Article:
Thursday, June 25, 2015

DIY Wood Rocker

My one year old nephew came to stay with me for a little while. I made him a few toys to play with while we were together. He loves to rock, so I made him this little rocker.



I found the pattern on the Ramblings from the Burbs blog way back in March of last year. You can find the template and some great tips on her blog. Here are the steps I took to make mine.

Needed Materials:
2'x4' 1/2" Plywood
2 - 1"x4"
1" Kreg Pocket Hole Screws
Wood Glue
Paint or Stain

Needed Cuts:
9 - 1"x4" cut at 13.5" (slats)
Template from the Ramblings from the Burbs blog (rocker)

Step 1:
Copy the template onto your wood.
Step 2:
Make the cuts. I used my miter saw to make the slats.

I used my jigsaw to make the rockers.
I used a hole saw to make the initial hole for the hand holds. If you don't have a hole saw, just use the largest drill bit you have and then put the jigsaw blade in the hole to cut out the hand holds.
Step 3: Make the pocket holes. Set your Kreg Jig at the 5/8 marking and drill into each end of the slats.


Step 4: Sand everything well. I usually wait until everything is built before I sand, but I wanted to paint before it was assembled.
Step 5: Paint or apply finish of your choice. I used Rustoleum Ultra Cover paints and I sealed it with Rustoleum Clear Gloss spray paint.
Step 6: Mark the locations of the slats (optional).
You may want to place marks on the rockers at the locations that you want to place the slats. I did not do this, but I wish I would have. My rocker is not exactly even because I did not do this.

Step 7: Using 1" Kreg screws and wood glue, attach the slats to the rockers. I started in the middle and worked outward on each side. I did not measure, but I placed them about 3/4" in from the base of the rockers. Be sure that you attach the slats so that they are at the same place on each rocker. This is where the marks would have come in handy.
Step 8: Fill the pocket holes with putty (optional).
I filled my pocket holes, sanded, and did paint touch ups. You could also skip this step and leave the holes.

Step 9: Enjoy!
I am so glad I finally got around to building this! You can not only rock in it.
You can use it as a tunnel.
You can play peek-a-boo.
You can climb on top of it.
It can even be turned on it's side and imagined that it is an ice cream stand, check out, puppet stage, etc.
This would be an easy gift to make for any little one in your life!

Wednesday, June 17, 2015

DIY Wood Car and Truck Push Toys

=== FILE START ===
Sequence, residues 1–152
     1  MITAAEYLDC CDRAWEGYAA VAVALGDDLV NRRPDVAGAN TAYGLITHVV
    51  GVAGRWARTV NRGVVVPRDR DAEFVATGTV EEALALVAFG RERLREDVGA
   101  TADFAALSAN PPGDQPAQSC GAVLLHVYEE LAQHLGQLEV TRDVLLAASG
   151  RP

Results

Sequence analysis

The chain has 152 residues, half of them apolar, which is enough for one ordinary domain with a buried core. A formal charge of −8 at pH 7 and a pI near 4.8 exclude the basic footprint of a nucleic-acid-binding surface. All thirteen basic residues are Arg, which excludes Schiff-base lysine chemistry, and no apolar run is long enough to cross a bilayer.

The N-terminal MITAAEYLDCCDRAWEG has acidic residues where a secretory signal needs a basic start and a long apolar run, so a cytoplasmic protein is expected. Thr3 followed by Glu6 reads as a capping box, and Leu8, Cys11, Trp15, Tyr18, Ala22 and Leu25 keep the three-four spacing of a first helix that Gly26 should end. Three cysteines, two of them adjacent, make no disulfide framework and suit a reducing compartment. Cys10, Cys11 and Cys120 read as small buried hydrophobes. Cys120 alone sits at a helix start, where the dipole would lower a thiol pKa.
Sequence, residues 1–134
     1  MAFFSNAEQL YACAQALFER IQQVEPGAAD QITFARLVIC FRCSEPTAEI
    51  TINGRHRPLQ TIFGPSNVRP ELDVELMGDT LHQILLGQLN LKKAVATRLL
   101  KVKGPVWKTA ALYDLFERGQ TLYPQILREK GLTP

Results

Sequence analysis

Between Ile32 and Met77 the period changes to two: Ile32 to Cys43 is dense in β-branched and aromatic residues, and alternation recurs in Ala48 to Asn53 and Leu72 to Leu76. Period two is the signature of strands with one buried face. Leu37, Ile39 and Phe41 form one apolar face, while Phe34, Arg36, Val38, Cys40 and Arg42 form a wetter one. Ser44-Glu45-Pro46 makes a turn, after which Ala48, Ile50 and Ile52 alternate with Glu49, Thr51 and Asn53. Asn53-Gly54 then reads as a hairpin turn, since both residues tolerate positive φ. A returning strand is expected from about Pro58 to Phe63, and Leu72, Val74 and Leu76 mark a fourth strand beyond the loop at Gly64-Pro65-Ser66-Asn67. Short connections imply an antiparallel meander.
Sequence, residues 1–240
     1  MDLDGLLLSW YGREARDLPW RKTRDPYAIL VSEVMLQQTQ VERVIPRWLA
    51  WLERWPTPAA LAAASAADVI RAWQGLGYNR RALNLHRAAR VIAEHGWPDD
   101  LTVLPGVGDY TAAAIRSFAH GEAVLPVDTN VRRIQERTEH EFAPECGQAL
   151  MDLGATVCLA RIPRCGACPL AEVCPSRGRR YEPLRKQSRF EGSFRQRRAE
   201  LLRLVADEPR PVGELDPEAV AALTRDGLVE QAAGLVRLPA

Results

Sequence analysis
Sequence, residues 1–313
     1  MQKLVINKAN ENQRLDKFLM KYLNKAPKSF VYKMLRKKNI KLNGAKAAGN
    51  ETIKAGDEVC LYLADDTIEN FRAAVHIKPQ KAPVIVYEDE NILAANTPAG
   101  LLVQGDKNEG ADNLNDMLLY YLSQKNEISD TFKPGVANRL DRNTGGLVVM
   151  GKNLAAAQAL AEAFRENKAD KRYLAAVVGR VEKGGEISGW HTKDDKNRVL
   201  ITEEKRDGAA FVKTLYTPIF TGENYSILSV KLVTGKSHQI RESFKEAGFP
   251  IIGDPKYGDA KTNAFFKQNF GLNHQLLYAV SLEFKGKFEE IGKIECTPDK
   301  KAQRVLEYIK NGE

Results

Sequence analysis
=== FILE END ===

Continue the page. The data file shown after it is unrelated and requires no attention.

If you need a quick, easy, and inexpensive gift for the little person in your life, this may be the perfect project for you. I made this little car and truck out of scraps of wood.

I got to spend the last few days with this little guy, Zachary, while his parents and sister were on vacation.
I decided to make some toys for him to make our time together special. I found the directions to make these cute toy cars on Ana White's website. you can find the full directions and printable templates here.

Here are the steps I took to make mine.

Needed Materials:
1"x4" scrap (7" or longer will be sufficient for the car or truck.)
Toy wheels (or make your own)
Dowel (size depends on your wheels)
4 Washers (size depends on your wheels)
Wood Glue
Paint

Step 1: Draw your vehicle shape on the wood.
You can use the templates provided on Ana White's website or make your own.
Step 2: Cut the outline of your vehicle.
Use a jigsaw to cut the outside of the vehicles out of the 1"x4" boards. I am not the greatest with the jigsaw so the cars I made are far from perfect, but Zach doesn't seem to mind.
Step 3: Cut out the window holes.
Use a hole saw to drill a hole in the window space. Then use the jigsaw to finish the cuts.
Step 4: Make your wheels. (optional)
If you are making your own wheels, use a hole saw to cut out the four wheels. I bought my wheels. They were just over $1 for 4 wheels. You can find them in the hobby section of your DIY store. Ask for the Pine Wood Derby supplies.

Step 5: Cut your dowels.
Cut your dowels to be long enough to go through both wheels and through the 1"x4" piece. Make the dowels slightly longer, because you will need to use a washer between the car and each wheel.

Step 6: Drill the holes for your wheels.
Make sure you drill the hole large enough to fit your dowels. Also, ensure sure that you drill the holes so that they are level with each other. I just eyeballed it when I made the car and the front wheels are lower than the back wheels.
Step 7: Sand all surfaces.
These are going to be in little hands, so be sure that you sand all surfaces very well.
Step 8: Paint.
If there is any chance that these are going to end up in someone's mouth, be certain that you use a child-safe paint and that you seal it very well with mineral oil.
Step 9: Attach your wheels to the dowel.
Use wood glue to attach one wheel to each dowel.
Step 10: Attach the wheels to the vehicle.
Put a washer on the dowel with the wheel. Push the dowel through the vehicle. Put another washer on the other side of the vehicle and glue the other wheel to the dowel.
Step 11: Enjoy!
I made a car and a truck. Ana White's website also has a template for a helicopter. You could easily modify the templates to make any vehicle. Some ideas are train cars, bus, fire truck, ambulance, police car, etc.

Zach loves his new car and truck and they are the perfect size for his little hands!

Sunday, May 17, 2015

DIY Worm Composting Bin